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Learn more about our programs:

We are here to help you achieve your goal of becoming a certified pilot.
Private Pilot
The majority of pilots begin with their private pilot licence. Enables you to fly practically anyplace in the United States and even abroad as long as you adhere to local rules in the country where the aircraft is flown.
Total Time to obtain Private Pilot License: 40 hours flying minimum which consists of at least:
3 hours of cross country flight training in a single engine airplane.
3 hours of night flight training in a single engine airplane, that includes at least:
1 cross country flight of over 100 nm total distance.
10 T/O’s and 10 landings to a full stop with each involving a flight in the traffic pattern at an airport.
3 hours of flight training by reference to instruments in a single engine airplane.
3 hours of flight training in a single engine airplane within the 60 days prior to the practical test.
5 hours of solo cross country flying.
1 solo cross country flight of at least 150nm total distance with full stop landings at 3 points and one segment of at least 50nm between T/O and landings.
3 T/O’s and landings to a full stop at an airport with an operating control tower.
Change your life right away by learning to fly with us.
Once the form has been submitted, we will get in touch with you based on the times you have provided.
Commercial Pilot License
Multi-Engine Certificate
The multi-engine rating is added to a commercial pilot certificate. This allows the pilot to operate a twin-engine aircraft. Whether your objective is to be a professional pilot, the multiengine rating is the next step to improving your piloting skills.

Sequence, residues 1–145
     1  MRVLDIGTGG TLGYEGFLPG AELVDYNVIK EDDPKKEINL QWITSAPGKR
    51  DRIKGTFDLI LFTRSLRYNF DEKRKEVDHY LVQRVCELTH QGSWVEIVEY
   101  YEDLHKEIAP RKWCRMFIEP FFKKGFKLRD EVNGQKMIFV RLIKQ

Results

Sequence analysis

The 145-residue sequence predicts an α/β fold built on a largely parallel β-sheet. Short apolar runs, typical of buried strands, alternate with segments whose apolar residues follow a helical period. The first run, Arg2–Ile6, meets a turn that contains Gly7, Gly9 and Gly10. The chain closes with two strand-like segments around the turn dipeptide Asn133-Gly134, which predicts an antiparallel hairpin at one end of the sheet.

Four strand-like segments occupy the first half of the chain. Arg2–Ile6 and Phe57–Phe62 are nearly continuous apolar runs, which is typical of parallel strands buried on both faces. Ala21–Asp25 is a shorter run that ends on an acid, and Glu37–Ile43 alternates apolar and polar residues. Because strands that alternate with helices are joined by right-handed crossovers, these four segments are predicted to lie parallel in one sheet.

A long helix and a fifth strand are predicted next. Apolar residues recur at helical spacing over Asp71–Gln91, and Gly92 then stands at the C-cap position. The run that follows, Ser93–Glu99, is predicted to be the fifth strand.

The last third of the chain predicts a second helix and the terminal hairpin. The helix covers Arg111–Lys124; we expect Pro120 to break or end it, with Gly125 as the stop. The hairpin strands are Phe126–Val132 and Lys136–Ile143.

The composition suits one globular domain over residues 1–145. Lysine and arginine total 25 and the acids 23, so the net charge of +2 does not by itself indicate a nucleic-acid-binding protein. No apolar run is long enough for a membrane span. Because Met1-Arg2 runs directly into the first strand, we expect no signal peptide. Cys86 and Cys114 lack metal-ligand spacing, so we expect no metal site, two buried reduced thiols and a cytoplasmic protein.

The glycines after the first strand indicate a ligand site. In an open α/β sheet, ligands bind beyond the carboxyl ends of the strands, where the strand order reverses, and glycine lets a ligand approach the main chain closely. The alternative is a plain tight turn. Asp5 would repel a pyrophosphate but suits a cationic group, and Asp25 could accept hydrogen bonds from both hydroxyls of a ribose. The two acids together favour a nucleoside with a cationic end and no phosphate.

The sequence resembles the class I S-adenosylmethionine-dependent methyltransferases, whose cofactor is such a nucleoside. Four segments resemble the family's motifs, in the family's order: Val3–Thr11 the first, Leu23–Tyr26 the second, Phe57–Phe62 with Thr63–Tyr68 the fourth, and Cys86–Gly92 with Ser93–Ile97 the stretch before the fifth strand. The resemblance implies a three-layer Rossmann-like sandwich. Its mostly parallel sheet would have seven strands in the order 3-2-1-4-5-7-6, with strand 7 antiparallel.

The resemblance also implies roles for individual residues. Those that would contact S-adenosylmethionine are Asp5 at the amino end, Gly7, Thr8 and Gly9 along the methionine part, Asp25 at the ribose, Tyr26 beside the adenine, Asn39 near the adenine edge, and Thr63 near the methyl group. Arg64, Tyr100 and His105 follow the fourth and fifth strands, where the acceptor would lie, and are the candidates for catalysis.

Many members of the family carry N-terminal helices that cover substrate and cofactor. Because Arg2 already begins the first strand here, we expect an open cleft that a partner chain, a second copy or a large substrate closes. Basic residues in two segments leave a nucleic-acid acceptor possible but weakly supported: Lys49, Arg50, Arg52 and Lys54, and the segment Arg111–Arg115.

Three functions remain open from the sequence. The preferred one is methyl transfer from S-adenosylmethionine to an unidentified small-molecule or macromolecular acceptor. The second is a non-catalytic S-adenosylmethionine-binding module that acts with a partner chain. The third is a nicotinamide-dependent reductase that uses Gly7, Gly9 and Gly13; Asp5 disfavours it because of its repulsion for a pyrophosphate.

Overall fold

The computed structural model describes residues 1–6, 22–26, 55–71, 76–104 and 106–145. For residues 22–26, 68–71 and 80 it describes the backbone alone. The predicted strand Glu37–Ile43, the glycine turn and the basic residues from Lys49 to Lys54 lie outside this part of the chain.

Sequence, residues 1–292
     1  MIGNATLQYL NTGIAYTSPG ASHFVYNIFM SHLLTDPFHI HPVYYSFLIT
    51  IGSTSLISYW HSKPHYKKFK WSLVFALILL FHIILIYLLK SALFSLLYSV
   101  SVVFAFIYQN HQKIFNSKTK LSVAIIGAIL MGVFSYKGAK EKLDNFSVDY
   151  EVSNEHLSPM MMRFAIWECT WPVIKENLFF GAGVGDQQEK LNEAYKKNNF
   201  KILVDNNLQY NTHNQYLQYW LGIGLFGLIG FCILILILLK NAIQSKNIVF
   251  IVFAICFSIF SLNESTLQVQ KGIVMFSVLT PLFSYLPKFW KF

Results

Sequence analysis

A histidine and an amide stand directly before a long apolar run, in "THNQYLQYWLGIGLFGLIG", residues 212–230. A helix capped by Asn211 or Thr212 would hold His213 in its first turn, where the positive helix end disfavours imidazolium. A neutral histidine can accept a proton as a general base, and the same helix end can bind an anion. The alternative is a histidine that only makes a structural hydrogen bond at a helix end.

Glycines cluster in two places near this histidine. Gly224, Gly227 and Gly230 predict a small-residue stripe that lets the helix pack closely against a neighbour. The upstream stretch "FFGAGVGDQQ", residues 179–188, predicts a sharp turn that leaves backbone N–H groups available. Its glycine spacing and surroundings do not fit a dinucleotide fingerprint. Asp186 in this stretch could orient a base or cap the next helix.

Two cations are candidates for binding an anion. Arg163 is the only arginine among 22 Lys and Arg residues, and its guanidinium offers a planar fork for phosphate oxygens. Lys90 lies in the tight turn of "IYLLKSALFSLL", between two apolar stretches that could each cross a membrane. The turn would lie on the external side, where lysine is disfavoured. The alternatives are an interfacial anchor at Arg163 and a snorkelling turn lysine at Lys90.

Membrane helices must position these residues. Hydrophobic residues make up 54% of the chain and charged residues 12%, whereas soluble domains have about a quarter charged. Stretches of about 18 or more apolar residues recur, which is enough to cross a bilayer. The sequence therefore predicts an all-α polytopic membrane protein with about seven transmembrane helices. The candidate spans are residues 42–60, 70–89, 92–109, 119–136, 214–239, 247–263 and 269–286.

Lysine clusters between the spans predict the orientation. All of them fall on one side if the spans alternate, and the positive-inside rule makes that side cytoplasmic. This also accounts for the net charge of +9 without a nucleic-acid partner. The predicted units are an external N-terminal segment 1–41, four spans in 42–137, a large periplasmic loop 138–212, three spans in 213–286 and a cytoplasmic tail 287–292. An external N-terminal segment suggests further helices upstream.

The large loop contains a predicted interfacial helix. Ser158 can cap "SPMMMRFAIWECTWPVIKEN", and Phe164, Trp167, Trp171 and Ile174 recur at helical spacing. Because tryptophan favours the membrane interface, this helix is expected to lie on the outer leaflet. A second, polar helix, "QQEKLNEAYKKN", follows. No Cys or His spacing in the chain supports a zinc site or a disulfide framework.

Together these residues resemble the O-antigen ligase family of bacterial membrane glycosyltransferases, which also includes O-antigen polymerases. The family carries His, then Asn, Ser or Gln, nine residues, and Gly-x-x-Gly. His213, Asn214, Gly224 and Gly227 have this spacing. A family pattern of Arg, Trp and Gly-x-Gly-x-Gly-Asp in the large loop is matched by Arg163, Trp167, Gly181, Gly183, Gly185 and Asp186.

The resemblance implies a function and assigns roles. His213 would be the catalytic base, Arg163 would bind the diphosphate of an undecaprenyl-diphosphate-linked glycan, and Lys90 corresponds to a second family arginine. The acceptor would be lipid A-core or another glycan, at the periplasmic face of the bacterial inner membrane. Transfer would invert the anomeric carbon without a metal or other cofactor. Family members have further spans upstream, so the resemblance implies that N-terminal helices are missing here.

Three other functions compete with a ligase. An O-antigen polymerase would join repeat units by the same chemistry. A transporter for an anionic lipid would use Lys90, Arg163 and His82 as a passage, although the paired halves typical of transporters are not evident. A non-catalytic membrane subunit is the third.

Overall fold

With a Commercial Pilot Multi-Engine Certificate, you can do things such as airline, cargo, and corporate flying to build your aviation career.
Assess your knowledge of instrument flight (including subjects such as Federal Aviation Regulations, the Airman’s Information Manual, meteorology, flight planning, aircraft performance, aircraft navigation systems, and emergency procedures.
To demonstrate your ability to properly plan and fly a route under actual or simulated instrument meteorological conditions.
Often, the IPC is conducted by a CFII who does not know you, and therefore, will use the IPC to ensure you possess the essential knowledge of instrument flight rules, planning, and procedures as well as demonstrate the essential skills to fly and manage an aircraft under all phases of flight in instrument meteorological conditions.
Regulations for the flight review (14 CFR 61.56) require a minimum of one hour of ground training and one hour of flight training.
A good rule of thumb, however, is to plan at least 90 minutes of ground time and at least two hours of flight time for a solid evaluation of your instrument flying knowledge and skills.
The IPC will be roughly equivalent to the check ride for your initial instrument rating.
A complex aircraft is defined as any aircraft that possesses flaps, retractable landing gear, and constant speed propeller(s). Unlike other certificates and ratings, the complex endorsement is conveyed solely by a Certified Flight Instructor.
Federal aviation regulations require pilots to have a high-performance airplane endorsement in order to act as pilot-in-command (PIC) of a high-performance airplane. Any airplane with an engine of more than200 horsepower is considered “high-performance.” An airplane with a 200-horsepower engine does not qualify. On a multi-engine airplane, the engines are evaluated individually (horsepower ratings are not added together).

This one-time logbook endorsement can be earned through ground and flight training. The FAA does not require a special checkride or knowledge test to earn the endorsement. A flight instructor gives you the endorsement after you have received training and have been found proficient.

Note: Pilots who logged PIC time in high-performance airplanes prior to 8/4/97 are grandfathered in and don’t need the endorsement.

CFI Instrument
CFI Multi-Engine
Biannual Flight Review
ATP Single Engine
ATP Multi-Engine
TAA requirement
Instrument Rating
Candidates for an instrument rating will learn a wide array of knowledge in regards to the rating itself and aviation in general, providing a deeper level of understanding of the dynamics of flight.